This particular treasure was found at one of my favorite local thrift shops. I've scored some of incredible finds at this shop, including the previously touted $40 dollar embroidery machine that I flipped for a mind blowing three hundred dollars. Through some strange, magical thrift store karma, this small shop is often the source of my very best finds! I may start referring to the place as "The little shop that could." In this particular case, I spotted a big box containing an Ertl Farm House set. Ertl specializes in rural and farm related toys, including diecast farm equipment and farm scene sets. The set I found included a barn, windmills, farm house, barn animals and other odds and ends.
For the record, I've never listed an Ertl toy on eBay that didn't sell! If you find Ertl stuff at a reasonable price, you'd be wise to buy it. Notice however, I said reasonable price? The main problem with this farm set is that it wasn't reasonably priced. The shop was asking a whopping forty dollars for the set! The problem is really with Dana, who's the manager of the shop. She has a tendency to research many donated items on eBay before pricing them for sale. More then once, Dana has run into her back office to check eBay after I asked her the price of an item. While I understand she doesn't want to just give stuff away, using eBay as a price comparison can sometimes be a little off-base. Basically there are thrift store prices...then there are eBay prices. Thrift shops are local...eBay is international! Do you expect to pay the same price for an item at a flea market as you do in the mall? Not hardly! Such was the case with the Ertl farm set. Dana probably found a similar set listed on eBay for $40 big ones and priced her set accordingly. So thanks to Dana's eBay comparison shopping, I had to take a pass on the overpriced Ertl set.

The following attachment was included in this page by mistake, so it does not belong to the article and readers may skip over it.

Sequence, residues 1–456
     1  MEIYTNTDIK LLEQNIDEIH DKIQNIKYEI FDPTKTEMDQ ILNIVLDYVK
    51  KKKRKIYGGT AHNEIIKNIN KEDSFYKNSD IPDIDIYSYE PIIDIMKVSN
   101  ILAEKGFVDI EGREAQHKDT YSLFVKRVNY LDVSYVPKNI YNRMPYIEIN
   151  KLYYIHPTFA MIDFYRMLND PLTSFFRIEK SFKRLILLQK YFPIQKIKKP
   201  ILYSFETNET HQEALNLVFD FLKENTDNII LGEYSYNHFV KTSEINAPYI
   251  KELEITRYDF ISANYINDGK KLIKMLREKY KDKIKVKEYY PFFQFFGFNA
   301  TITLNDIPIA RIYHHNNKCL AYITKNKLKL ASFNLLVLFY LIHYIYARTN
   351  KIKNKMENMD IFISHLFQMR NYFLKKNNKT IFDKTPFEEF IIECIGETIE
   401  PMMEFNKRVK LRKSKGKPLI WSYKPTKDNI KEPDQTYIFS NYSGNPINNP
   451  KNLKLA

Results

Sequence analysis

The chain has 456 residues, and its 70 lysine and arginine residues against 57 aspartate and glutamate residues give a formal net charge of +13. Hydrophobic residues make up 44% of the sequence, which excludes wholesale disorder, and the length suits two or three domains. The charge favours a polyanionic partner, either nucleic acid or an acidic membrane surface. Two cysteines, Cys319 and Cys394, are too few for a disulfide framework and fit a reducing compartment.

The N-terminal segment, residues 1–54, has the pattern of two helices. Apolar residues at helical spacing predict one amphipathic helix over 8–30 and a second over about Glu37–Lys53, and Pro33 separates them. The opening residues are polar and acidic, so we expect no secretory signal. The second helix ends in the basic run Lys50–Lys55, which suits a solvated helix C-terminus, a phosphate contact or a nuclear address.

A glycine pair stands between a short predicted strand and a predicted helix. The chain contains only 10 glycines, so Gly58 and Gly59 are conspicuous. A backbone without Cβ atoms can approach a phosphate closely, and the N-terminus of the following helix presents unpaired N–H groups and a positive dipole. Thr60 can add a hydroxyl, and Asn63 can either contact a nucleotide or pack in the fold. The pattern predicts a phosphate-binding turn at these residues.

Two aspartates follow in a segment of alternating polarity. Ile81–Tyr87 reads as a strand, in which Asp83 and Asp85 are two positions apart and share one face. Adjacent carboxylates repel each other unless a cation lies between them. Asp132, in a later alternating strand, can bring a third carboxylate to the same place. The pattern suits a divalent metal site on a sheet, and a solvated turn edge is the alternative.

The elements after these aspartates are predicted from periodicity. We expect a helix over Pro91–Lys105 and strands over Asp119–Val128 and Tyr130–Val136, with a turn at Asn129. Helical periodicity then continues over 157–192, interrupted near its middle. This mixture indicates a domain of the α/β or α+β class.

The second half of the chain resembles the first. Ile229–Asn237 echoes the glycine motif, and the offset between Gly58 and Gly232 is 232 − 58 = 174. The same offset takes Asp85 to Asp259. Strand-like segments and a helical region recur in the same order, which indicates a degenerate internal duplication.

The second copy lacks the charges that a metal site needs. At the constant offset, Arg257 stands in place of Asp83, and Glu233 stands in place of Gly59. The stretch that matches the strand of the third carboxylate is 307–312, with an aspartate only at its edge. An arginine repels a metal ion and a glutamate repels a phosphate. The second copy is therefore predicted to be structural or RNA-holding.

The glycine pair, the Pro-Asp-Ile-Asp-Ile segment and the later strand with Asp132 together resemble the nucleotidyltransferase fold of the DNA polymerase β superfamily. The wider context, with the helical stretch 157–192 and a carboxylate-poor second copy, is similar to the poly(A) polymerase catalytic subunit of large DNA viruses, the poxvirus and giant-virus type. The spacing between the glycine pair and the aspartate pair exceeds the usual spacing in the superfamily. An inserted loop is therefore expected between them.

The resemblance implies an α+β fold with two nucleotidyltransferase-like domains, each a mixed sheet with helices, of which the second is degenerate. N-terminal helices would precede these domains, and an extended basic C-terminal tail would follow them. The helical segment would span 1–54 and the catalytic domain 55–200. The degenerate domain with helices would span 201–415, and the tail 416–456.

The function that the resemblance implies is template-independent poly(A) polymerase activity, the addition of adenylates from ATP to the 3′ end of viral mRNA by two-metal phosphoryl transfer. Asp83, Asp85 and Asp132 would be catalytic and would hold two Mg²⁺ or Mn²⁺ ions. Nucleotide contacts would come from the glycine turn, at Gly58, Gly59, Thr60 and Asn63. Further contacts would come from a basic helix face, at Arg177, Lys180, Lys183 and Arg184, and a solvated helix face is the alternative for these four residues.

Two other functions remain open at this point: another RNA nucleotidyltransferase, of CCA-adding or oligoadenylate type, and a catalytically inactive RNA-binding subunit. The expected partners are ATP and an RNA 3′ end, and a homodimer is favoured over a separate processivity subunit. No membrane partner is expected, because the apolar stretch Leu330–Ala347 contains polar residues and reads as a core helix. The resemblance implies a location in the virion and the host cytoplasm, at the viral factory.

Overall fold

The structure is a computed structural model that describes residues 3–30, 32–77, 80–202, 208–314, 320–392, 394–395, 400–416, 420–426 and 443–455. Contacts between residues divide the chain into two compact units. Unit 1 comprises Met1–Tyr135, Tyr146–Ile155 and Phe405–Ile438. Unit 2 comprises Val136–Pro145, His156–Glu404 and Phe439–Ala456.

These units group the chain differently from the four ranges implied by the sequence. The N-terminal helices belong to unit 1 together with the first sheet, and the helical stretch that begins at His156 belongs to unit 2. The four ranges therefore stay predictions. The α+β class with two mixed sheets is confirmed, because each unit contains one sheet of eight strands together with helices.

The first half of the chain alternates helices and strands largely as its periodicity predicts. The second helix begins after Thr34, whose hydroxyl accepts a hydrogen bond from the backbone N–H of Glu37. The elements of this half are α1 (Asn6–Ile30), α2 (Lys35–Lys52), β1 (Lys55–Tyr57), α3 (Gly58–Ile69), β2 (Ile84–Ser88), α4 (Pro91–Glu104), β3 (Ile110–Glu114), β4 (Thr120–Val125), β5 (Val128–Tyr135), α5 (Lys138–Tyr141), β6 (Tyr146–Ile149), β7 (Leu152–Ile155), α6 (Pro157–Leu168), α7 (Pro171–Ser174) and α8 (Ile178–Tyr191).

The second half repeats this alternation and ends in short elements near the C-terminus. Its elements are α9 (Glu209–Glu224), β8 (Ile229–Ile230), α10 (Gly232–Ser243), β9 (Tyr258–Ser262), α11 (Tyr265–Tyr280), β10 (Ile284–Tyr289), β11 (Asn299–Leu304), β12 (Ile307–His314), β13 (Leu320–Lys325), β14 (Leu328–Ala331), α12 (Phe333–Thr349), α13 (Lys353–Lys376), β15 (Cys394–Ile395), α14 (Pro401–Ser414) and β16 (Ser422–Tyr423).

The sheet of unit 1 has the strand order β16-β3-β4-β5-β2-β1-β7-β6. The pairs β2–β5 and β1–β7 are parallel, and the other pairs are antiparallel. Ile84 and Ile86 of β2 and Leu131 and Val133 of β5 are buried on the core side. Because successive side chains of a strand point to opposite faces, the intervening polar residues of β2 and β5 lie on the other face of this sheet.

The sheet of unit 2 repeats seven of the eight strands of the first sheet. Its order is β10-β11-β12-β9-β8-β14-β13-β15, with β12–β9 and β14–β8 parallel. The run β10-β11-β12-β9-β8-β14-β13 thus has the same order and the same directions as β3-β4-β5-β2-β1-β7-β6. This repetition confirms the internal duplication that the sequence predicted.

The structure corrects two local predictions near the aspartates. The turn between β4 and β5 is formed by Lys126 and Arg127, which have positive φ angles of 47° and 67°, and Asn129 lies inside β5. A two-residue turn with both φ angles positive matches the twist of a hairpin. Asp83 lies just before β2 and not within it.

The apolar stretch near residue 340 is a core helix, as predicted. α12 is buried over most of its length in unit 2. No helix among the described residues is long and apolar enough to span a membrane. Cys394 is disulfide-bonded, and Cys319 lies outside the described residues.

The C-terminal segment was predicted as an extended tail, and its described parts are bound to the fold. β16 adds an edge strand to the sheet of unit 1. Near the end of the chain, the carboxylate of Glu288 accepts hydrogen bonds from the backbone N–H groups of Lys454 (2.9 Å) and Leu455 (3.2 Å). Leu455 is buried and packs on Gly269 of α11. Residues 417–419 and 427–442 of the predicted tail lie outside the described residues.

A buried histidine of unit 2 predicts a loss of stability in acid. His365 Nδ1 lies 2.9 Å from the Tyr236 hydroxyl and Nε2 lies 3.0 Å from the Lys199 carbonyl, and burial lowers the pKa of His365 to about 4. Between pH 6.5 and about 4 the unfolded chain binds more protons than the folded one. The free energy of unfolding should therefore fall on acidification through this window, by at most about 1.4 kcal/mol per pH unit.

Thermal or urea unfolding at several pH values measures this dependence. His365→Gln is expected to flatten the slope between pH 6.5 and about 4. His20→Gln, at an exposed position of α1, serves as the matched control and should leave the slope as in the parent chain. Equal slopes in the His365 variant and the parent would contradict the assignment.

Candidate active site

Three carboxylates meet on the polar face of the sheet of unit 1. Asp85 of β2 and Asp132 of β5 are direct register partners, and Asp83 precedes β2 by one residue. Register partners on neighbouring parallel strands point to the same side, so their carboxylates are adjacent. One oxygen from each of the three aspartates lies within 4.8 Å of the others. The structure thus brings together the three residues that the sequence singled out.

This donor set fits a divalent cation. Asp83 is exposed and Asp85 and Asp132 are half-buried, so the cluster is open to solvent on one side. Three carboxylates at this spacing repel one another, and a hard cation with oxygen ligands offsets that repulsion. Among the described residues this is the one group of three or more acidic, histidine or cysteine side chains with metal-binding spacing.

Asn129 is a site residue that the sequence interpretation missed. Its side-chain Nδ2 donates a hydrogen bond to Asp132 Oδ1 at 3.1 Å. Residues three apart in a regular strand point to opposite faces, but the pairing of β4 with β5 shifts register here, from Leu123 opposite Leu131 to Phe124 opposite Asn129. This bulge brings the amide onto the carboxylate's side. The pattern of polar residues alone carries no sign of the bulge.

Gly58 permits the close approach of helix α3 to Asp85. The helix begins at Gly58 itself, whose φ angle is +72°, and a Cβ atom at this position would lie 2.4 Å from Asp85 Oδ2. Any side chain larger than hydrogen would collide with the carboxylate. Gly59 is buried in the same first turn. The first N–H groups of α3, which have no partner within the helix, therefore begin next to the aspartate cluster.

Despite the high price, I figured that someone would quickly snap up the set for their kid or grandkid. But I was wrong. After a few days passed, I stopped by the shop and to my surprise the set was still there! It was clear the high price tag was scaring off buyers. Then another week went by with no sale...then another! After several weeks of being ignored by shoppers, Dana finally dropped the price of the set to twenty dollars. But still no sale! Finally I decided to make a move. After walking by the set for over three weeks, I went to Dana with an offer she couldn't refuse. Knowing that thrift shops have to make room for new donations coming in everyday, I appealed to Dana's business sense. I pointed out the set had been in the shop for a long time. I then generously offered ten dollars for the set, adding this would free up some much needed space on her shelves. Apparently this hit home with Dana...she took my ten dollar bill and I took the set home!
|You can't lose with Ertl toys!|
When I arrived home, I asked my son to re-assemble the set on his Ikea desk. If you have teenagers you might be able to guess how that turned out! He got about half way through the job then quickly lost interest. Old Dad had to finish the job, fixing those pieces he haphazardly slapped together and adding more parts to each building he conveniently ignored. Sheesh....kids! But on a positive note, Sonny Boy's big Ikea desk was perfect for spreading out all the buildings and farm figures. Once assembled, I took some photos and posted the set on eBay. The auction proved once again that you can never go wrong selling Ertl. The farm set that went unloved and ignored in the thrift shop, sold for an impressive $44 dollars on eBay! I am still amazed by that. Literally hundreds of people walked by that set for weeks at the thrift store and yet no one bought it. I took it home and flipped it for over forty dollars. I guess the magic continues at my favorite thrift shop!
Have you flipped any "unloved" items and made money on the deal? We wanna hear about it! Tell us your story in the comment section....
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